It’s no secret among many of my friends that I have had multiple sexual partners. Hell, a lot of those sexual partners eventually became my friends. I was not looking forward to breaking bad news to them and passing the worry that they might have been exposed to HIV risk because of me, however slight the possibility was. It wasn’t really rational, but my mind was beginning to panic.

HIV test

It was early in the morning when I went to the testing center. I decided to go alone, preferring to have a moment alone should I turn out to be reactive. The counselor pleasantly did the usual routine interview, asking about my personal history.

“…and how many men have you slept with?” he asked at one point.

“Oh, wow.” I forgot one gets asked this question. After a moment’s though, I gave a (probably conservative) estimate: “Fifty?”

“That’s still not a lot,” he chided.

After my blood was extracted, I went to the waiting area, took out a book, and pretended to read calmly while waiting for the result. When the counselor called me back, he asked how the waiting was and commented that I looked pretty confident about what the result would be. I simply smiled back and shrugged noncommittally. While I seemed to be nonchalant with the whole thing, in my head I was anything but.

The result came back as non-reactive.

That took a huge weight off my mind. I am not a statistic. I haven’t been putting other people at risk. Most importantly, I can assure my friend that he has nothing to worry about me.

The ‘Webs and all them haters.

Technology writer Mike Elgan posted a short essay in Google+ on the comment culture of various social networking sites, particularly the emerging culture in Google+:

Comment culture is determined partly by the structure of the network, and partly by the prevailing demographic. But it’s also determined, in part, by deliberate effort on the part of the community.

So far, the general commenting “vibe” on Google+ has been awesome. But this could change, as the community grows. It’s up to us pioneers to set the tone, and shape the culture.

I believe the key is how we all handle criticism, which is an under-appreciated skill, in my opinion.

Elgan raised several good points on harsh or negative criticism and how one could handle them:

When someone criticizes you or something you care about publicly online, ask yourself: Is the comment disrespectful in some way? Is it a personal attack, rather than a disagreement with an idea? If so, you may be tempted to 1) attack the person back; or 2) defend yourself.

But most of the time, the best way to deal with disrespectful posts is to ignore them. By responding to them, you may bring a lot more attention to them, which in fact may be what the critic is after in the first place. By responding to respectful comments, and ignoring disrespectful ones, you can drown the bad ones in a river of constructive and interesting conversation.

Respectful disagreement is another matter. If someone strongly disagrees with your idea, or comment, without attacking you personally or being nasty about it, it’s a good idea to respectfully engage in a debate about the ideas in question. Or not. It’s your choice.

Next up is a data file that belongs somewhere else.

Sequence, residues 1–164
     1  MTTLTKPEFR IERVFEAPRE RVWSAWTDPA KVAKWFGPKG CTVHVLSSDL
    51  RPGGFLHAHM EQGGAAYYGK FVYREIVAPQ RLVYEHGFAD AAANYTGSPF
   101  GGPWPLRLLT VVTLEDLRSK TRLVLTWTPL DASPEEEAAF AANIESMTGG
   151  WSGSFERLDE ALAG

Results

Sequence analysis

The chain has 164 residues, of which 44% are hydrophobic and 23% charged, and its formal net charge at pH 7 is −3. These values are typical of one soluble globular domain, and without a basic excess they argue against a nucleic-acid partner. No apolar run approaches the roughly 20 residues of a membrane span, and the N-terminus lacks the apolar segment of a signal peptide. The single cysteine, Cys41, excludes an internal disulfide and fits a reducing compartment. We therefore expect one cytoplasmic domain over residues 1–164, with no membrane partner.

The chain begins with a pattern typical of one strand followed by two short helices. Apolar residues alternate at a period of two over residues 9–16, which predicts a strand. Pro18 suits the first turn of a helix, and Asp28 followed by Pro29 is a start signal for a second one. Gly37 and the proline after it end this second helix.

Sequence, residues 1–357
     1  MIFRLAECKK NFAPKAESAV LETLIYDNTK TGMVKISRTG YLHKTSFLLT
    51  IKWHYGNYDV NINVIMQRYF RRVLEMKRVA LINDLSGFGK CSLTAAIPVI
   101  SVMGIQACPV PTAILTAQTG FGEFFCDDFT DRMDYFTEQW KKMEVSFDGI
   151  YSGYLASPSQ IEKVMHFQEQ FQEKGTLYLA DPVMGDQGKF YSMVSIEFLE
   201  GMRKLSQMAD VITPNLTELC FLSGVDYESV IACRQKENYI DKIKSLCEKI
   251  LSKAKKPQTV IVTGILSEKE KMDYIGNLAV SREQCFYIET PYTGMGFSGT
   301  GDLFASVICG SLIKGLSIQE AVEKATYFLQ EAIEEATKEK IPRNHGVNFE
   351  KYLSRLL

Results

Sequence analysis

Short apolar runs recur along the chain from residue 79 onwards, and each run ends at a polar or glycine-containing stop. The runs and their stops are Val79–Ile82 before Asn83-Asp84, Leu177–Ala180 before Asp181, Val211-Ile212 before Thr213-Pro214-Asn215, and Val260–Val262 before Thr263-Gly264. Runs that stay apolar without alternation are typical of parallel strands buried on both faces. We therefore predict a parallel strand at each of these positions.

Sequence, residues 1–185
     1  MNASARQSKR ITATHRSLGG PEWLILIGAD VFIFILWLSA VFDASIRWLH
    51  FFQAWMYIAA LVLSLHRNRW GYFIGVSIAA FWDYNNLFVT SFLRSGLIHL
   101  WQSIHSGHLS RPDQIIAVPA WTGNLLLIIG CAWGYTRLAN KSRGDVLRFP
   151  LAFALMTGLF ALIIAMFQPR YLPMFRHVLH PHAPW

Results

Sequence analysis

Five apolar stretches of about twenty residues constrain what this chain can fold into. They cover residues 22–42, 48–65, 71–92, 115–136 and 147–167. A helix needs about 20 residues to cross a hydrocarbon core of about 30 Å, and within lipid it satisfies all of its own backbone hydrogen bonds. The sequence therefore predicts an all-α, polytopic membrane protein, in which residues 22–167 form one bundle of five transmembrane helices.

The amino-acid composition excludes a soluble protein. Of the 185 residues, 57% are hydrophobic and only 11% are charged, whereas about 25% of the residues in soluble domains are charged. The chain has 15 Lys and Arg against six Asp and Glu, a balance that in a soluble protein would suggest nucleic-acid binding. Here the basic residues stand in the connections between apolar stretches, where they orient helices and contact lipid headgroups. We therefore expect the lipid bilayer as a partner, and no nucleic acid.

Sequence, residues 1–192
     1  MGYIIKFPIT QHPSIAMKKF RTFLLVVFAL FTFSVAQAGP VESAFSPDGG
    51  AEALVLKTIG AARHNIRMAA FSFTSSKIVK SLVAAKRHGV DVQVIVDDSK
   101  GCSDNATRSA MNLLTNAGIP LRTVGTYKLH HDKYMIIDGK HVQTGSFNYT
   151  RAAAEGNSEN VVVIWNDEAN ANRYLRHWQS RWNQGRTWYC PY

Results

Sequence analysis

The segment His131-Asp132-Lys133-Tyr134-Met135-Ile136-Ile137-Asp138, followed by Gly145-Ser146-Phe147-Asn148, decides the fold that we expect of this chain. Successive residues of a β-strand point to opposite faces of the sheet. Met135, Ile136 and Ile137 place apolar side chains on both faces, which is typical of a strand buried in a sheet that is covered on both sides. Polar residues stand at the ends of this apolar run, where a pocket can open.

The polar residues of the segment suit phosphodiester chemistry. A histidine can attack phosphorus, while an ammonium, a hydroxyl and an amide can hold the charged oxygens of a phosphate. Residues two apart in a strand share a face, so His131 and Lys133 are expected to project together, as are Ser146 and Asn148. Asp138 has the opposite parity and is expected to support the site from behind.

I’m a big believer in acknowledging good argumentation and valid points, as well as admitting when I was wrong — which is often. It’s easy to be embarrassed by being proved wrong in public, but I’ve found that people respect you more if you admit it rather than trying to win the argument by refusing to admit it.

Here’s my most surprising bit of advice: When someone disrespects you in private — say, a note that’s private to just you on Google+ or Gmail — the best response is a respectful reply. I’d say 90% of the hate mail I’ve responded to respectfully and without negativity caused a 180 on the part of the hate mailer.

The items he outlined could apply to any online forum and could be a reference to basic communications class. What with how how everyone seems to be eager to join in the pervasive social media, many people seem to forget how to act like decent, respectful people, instead degenerating into hordes of Internet trolls.

Read the rest of his post here.

If I wasn’t running late, I would have paid more attention to the cab driver’s story.

“What a waste,” he confided a minute after I got in. “A woman asked me if he could bring her to Pasay.” The driver refused; he was nearly done with his shift and was about to head back to Cubao.

And it was a beautiful woman, he said, still reliving the conversation. The girl was young and a little round. While we were hurtling along EDSA, he gestured how her buttocks jiggled when she walked.

The driver, on the other hand, was old and tired-looking. He looked like the type who’d go drinking all night when not driving, and was the rowdiest drunk guy when he had downed a few bottles.

“And she fluttered her eyes at me,” he confided to me. “As if that kind of flirting would change my mind!”

Just about that time, the cab radio started playing “Bakit” by Imelda Papin, with it’s familiar chorus: “Kung liligaya ka sa piling ng iba?” The song sounded very apt for that man.

“You weren’t born yet when that song came out,” he told me, obviously assuming I was younger than my actual age. “They used to play that in the provinces. People would dance to this song, wearing flared pants.” These were the stories I heard from the mother, while growing up.

I wanted to humor the driver and tell him I still wear flared pants, but I was in a hurry and I’m still tired from the trip back from Baguio to Manila that afternoon.